Vitamin D and breast cancer survival

March 8, 2014

Jacob Schor ND, FABNO


Vitamin D may lower risk of dying from breast cancer. A newly published meta-analysis suggests having high levels of vitamin D may lower mortality rates by half. That’s enough to give one pause.


Up until now most of the studies on vitamin D and breast cancer have looked at incidence while only a few have looked for an association between vitamin D levels and cancer survival. This paper pooled data from other prior studies together achieving greater statistical power. Five studies were identified which measured similar variables so that the data could be combined: Villasenor (2012)[1] , Hatse (2012) [2] , Tretli (2012) [3] , Vrieling (2012) [4] , and Goodwin (2009) [5] .


In the combined pool of data, 471 of the 4443 patients died of breast cancer. A pooled hazard ratio comparing the lowest with the highest quintile of serum vitamin D concentrations was calculated for each study and for the combined data. This is a statistical way to say they compared those patients in the upper 20% of the group with those in the lowest 20% when ranked by serum vitamin D levels.


Of the five studies analyzed, three found a statistically significant reduction in mortality with increasing vitamin D levels (Hatse, Tretli, and Vrieling). One study found a beneficial effect that did not reach statistical significance (Goodwin) and the fifth study found a beneficial effect in the age-adjusted analysis but not in the more complicated multivariate analysis (Villasenor).


When the data was pooled the hazard ratio for estimated risk of dying in the highest vs. lowest quintile was .56 (95% CI=0.4-0.7, p<0.0001) . That is women with the higher Vitamin D levels were about half (46%) as likely to die as those in the lower levels. There was also a strong linear inverse dose-response relationship between serum vitamin D and breast cancer fatality rates, that is, the higher the level of vitamin D the lower the chance of dying.


It should be noted that the vitamin D levels were not particularly high in any of these studies; the lowest quintile, depending on the study, was between 14 and 20 ng/ml and the upper quintile was defined as above between 22 to 32 ng/ml.              This isn’t much as we often suggest women with breast caner to try and maintain serum vitamin D levels in the high 60s or even higher.


These data while compelling are far from absolute proof as they could be the result of reverse causation. That is it could be that the disease lowers vitamin D levels and that the worse the disease, the lower the vitamin D levels become.              Few scientists seem to be buying that theory though and given the low risk of harm from supplementing to elevate vitamin D, it seems reasonable to not wait until they settle their debating. Thus we will continue to encourage women diagnosed with breast cancer to have their vitamin D levels tested and to supplement as necessary to achieve decent levels. Whether there is added benefit in long term survival for those with much higher levels is not clear from this paper.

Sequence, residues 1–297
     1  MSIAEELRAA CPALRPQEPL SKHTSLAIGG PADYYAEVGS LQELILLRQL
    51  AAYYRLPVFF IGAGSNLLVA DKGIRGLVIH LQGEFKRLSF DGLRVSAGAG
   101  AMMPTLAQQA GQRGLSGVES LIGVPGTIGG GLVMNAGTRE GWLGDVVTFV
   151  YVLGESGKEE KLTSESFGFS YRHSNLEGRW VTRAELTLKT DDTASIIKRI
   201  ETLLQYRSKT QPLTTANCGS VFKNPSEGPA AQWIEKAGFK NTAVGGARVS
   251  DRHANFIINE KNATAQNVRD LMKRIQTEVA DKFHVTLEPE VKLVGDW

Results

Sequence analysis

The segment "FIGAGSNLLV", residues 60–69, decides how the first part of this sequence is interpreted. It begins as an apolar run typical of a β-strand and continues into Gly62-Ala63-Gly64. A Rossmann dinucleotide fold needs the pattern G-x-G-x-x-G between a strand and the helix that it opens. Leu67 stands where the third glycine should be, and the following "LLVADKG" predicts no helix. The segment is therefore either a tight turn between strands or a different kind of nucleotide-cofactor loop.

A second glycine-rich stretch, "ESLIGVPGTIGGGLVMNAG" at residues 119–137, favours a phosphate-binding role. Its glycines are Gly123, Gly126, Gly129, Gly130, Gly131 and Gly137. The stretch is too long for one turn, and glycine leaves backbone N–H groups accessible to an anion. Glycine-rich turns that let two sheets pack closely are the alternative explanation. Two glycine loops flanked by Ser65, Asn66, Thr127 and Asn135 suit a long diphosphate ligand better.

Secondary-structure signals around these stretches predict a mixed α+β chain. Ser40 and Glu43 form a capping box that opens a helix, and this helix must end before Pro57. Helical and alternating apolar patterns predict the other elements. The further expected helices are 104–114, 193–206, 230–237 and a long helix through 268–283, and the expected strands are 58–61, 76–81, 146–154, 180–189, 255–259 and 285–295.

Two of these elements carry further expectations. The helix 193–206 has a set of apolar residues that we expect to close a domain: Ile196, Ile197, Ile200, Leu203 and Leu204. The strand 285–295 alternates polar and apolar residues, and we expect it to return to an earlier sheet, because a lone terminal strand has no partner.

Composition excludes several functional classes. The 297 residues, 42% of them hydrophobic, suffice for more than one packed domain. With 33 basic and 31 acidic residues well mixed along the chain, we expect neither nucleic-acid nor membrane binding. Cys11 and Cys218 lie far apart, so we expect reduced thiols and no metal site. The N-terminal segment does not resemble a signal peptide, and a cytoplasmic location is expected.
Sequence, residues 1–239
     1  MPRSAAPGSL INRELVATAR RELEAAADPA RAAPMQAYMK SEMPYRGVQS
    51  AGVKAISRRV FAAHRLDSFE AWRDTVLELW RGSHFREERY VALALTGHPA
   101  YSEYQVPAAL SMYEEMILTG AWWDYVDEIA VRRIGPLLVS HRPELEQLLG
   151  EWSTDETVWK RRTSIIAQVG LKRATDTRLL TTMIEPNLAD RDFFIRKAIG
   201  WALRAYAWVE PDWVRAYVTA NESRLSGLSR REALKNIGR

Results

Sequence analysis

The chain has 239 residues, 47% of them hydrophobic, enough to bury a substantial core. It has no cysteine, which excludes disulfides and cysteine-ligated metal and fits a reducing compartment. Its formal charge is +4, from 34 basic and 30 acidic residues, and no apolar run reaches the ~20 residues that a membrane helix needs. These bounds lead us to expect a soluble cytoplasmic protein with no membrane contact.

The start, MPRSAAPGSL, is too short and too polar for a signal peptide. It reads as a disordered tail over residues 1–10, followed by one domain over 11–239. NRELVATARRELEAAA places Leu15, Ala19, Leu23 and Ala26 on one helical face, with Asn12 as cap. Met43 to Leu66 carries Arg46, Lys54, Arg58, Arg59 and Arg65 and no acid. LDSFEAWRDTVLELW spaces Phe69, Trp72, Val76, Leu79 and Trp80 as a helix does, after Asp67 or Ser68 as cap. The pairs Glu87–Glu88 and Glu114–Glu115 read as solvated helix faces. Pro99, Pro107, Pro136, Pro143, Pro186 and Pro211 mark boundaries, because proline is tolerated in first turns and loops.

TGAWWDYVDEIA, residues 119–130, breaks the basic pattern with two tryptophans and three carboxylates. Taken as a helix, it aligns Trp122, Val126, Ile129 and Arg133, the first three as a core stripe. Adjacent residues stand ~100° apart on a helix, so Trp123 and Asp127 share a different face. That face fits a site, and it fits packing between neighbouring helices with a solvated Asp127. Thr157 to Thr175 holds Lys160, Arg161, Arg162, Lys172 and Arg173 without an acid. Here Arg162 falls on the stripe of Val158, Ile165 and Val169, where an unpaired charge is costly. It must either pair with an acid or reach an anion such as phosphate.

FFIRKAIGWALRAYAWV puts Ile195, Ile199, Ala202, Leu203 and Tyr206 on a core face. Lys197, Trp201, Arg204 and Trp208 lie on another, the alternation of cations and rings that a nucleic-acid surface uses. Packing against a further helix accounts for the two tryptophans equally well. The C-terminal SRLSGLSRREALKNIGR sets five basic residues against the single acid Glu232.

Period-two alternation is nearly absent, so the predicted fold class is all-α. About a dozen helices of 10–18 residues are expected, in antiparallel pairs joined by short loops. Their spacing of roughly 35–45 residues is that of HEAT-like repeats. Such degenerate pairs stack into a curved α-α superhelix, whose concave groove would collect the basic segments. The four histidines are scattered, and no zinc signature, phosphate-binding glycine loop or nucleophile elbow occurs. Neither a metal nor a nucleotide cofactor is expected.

Anticancer Res. 2014 Mar;34(3):1163-6.

Meta-analysis of Vitamin D Sufficiency for Improving Survival of Patients with Breast Cancer.

Mohr SB, Gorham ED, Kim J, Hofflich H, Garland CF.


Background/Aim: To determine whether higher serum 25-hydroxyvitamin D [25(OH)D] at diagnosis is associated with longer survival of patients with breast cancer.


A meta-analysis was performed of five studies of the relationship between 25(OH)D and mortality from breast cancer. A pooled hazard ratio was calculated using a random-effects model. The Der Simonian-Laird test was used to assess homogeneity.


Higher serum concentrations of 25(OH)D were associated with lower case-fatality rates after diagnosis of breast cancer. Specifically, patients in the highest quintile of 25(OH)D had approximately half the death rate from breast cancer as those in the lowest.


High serum 25(OH)D was associated with lower mortality from breast cancer. Serum 25(OH)D in all patients with breast cancer should be restored to the normal range (30-80 ng/ml), with appropriate monitoring. Clinical or field studies should be initiated to confirm that this association was not due to reverse causation.




1. Villasenor A, Ballard-Barbash R, Ambs A, Bernstein L,

Baumgartner K, Baumgartner R, Ulrich CM, Hollis BW,

McTiernan A and Neuhouser ML: Associations of serum 25-

hydroxyvitamin D with overall and breast cancer-specific

mortality in a multiethnic cohort of breast cancer survivors.

Cancer Causes Control 24: 759-67, 2012.



2. Hatse S, Lambrechts D, Verstuyf A, Smeets A, Brouwers B,

Vandorpe T, Brouckaert O, Peuteman G, Laenen A, Verlinden L,

Kriebitzsch C, Dieudonne AS, Paridaens R, Neven P, Christiaens

MR, Bouillon R and Wildiers H: Vitamin D status at breast cancer

diagnosis: correlation with tumor characteristics, disease outcome,

and genetic determinants of vitamin D insufficiency. Carcinogenesis

33: 1319-26, 2012.


3. Tretli S, Schwartz GG, Torjesen PA and Robsahm TE: Serum

levels of 25-hydroxyvitamin D and survival in Norwegian patients

with cancer of breast, colon, lung, and lymphoma: a populationbased

study. Cancer Causes Control 23: 363-370, 2012.


4. Vrieling A, Hein R, Abbas S, Schneeweiss A, Flesch-Janys D and

Chang-Claude J: Serum 25-hydroxyvitamin D and

postmenopausal breast cancer survival: a prospective patient

cohort study: Breast cancer research 13: 74, 2012.


5. Goodwin PJ, Ennis M, Pritchard KI, Koo J and Hood N:

Prognostic effects of 25-hydroxyvitamin D levels in early breast cancer. J Clin Oncol 27: 3757-3763, 2009.